Camp grounds. State and National. Some are free. Some charge fees. Take a tent and bedding. Some have shelters. Use your browser, "Campgrounds" You can map them all the way.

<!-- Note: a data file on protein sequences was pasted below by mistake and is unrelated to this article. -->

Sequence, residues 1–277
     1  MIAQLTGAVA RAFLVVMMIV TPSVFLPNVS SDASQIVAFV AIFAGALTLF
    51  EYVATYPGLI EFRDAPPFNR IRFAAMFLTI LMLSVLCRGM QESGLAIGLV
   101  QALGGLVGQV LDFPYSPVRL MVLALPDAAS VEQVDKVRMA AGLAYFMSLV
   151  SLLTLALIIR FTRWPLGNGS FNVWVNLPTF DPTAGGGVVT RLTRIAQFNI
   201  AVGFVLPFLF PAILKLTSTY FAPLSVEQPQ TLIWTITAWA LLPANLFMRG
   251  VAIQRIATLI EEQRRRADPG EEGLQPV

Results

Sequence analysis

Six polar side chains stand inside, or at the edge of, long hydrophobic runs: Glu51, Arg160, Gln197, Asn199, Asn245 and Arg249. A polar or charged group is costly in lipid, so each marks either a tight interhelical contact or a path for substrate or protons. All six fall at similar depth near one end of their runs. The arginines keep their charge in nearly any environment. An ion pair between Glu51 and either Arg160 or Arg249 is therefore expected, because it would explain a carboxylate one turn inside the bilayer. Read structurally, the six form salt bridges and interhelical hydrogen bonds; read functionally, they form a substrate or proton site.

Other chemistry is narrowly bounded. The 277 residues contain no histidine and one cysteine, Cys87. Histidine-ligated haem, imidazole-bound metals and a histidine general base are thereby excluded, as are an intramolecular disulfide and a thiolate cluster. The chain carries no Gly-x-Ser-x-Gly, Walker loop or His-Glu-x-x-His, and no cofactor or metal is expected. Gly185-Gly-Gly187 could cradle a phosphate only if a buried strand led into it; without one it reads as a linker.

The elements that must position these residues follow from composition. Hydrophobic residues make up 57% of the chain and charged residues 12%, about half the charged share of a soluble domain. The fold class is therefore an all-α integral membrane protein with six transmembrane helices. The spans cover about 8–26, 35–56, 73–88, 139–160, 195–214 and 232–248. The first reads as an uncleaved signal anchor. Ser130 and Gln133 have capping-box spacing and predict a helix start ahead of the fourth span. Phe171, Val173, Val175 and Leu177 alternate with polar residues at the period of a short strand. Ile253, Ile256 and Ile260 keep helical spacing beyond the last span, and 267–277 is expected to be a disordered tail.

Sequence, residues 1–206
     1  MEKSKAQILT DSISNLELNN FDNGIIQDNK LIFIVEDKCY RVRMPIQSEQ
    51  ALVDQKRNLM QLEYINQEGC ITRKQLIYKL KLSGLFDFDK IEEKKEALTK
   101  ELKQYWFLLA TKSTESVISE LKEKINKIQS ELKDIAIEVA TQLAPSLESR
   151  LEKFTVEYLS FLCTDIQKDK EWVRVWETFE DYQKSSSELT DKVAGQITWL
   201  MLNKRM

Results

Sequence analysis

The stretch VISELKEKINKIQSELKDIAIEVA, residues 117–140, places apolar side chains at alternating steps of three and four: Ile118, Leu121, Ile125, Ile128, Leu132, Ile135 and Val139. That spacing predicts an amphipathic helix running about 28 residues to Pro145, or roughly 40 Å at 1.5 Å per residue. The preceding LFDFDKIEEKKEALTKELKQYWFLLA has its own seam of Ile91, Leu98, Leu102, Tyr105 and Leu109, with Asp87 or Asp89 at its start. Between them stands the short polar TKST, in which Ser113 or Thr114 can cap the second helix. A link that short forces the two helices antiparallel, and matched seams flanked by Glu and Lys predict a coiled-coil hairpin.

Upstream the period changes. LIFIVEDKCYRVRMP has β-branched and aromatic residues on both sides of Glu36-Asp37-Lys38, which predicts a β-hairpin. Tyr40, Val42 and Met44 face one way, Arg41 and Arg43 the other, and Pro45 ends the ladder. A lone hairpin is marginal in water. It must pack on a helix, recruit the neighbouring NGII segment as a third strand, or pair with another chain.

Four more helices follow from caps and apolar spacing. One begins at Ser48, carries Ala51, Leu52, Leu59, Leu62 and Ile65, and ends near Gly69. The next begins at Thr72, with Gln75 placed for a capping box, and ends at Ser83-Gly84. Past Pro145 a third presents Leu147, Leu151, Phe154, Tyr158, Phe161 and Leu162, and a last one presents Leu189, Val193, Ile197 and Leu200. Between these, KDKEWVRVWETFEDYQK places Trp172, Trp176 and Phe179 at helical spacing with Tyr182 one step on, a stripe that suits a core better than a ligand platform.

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Well, for this short analysis of Russia’s defense and power projection capabilities we need to look at their equipment and their record of recent operations. Air Force. Russian tactical aircraft are decent, but pilots are consistently hamstrung by a lock of funds. Up until this year, things improved and Russia has started flying long-range TU-95 patrols in the Pacific and North Sea. However, the Russian Air Force has had very little combat experience since the end of the Cold War. Their long range bombers and maritime patrol aircraft can provide a significant stand-off capability though. Army. The army did well enough in Georgia last year, though I have read several articles that claims that man-for-man the Georgians fought much better than the Russians – they just ran out of units first. The Russian Army, even for elite regular units like paratroopers, has not been able to meet its goals for recruiting professional soldiers and reducing its dependence on conscripts. Alcoholism and abuse of recruits is still widespread and they still lack a truly professional NCO corps. That is their biggest shortfall in personnel management – and when you look at the other top-rate armies in the world, they all have mature professional NCO corps. Cash from oil and gas should allow Russia to upgrade its staple military equipment: tanks, IFVs, helicopters, etc., but they lack the heavy lift and global supply network like the US military that you need to operate large formations of troops outside your home territory. In Exercise Talisman Saber-2005, the US 501st Para Infantry flew nonstop from Alaska to NE Australia and dropped an entire brigade (I think it was that big) in the drop zone with only one injury. Russia does not have that capability. Its paratroopers that have fought in Chechnya walked/rode into battle. Navy. The Russian Navy is a shadow of its former self and while they are reinvigorating their training, especially with their submarines, you are talking about a handful of vessels capable of full operations. The Russian Navy is still primarily focused to the West and its Far East Squadron is till only a handful of ships and submarines. The Russian Navy has also traditionally been one of the few Navies to have a real marine corps-like capability and while their Naval Infantry Regiments are well trained, they also have little experience in recent amphibious operations. Additionally, the Russian Navy lacks the amphibious lift and logistics capabilities of many western navies. The logistics problem still persists from the Cold War as Russia lacks a large fleet of oilers and still resupplies by going dead in the water while the US and all of its allies can resupply while making way. I have seen USN carriers resupply while launching aircraft. Finally, without a viable aircraft carrier, the Navy’s power projection is limited to the range of its strategic bombers. These aircraft can fly thousands of miles, but they are vulnerable to carrier launched fighters and would not have escorts capable of coming the whole way if they were to try to support the Russian fleet thousands of miles from home. Russia has conducted several major exercises with China as well as within Russia. However, these are land-based and do not exercise true power projection capabilities. The access to domestic rail and road networks allows these exercises to take place, whereas the US military can move two brigades and two carrier battle groups to Australia for combined training as a routine operation. Russia’s advantage is its long history of providing capable advisors and technicians. In their current iteration, there is no longer the political rhetoric of the Cold War and the government’s official position is often apolitical in regards to others’ political systems. This method allows them to project power on the cheap as other countries foot the bill. In the end, Russian interests are still advanced and the interests of competing nations in the same region are often thwarted. Therefore, I would conclude that the Russian military is still ground-centered with limited truly long-range power projection capabilities, but they are still capable of influencing others through their generous use of funds, provisions of advisors, and their willingness to send decent quality systems and missiles to anyone with the necessary cash.